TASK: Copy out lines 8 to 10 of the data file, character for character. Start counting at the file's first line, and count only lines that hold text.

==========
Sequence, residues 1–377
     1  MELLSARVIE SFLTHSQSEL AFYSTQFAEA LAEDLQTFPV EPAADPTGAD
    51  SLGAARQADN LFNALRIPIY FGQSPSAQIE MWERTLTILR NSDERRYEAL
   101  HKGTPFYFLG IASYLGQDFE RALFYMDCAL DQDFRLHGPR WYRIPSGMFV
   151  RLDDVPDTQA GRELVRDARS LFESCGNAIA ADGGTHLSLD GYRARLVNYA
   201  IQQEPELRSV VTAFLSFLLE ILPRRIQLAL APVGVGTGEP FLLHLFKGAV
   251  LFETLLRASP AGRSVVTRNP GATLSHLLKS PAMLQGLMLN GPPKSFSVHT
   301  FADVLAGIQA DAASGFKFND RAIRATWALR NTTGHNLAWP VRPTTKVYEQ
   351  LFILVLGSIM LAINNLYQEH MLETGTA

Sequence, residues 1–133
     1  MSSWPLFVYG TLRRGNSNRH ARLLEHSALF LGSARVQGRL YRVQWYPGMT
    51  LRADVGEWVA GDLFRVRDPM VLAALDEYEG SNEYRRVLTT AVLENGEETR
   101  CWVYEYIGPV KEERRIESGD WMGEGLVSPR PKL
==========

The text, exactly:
   301  FADVLAGIQA DAASGFKFND RAIRATWALR NTTGHNLAWP VRPTTKVYEQ
   351  LFILVLGSIM LAINNLYQEH MLETGTA

Sequence, residues 1–133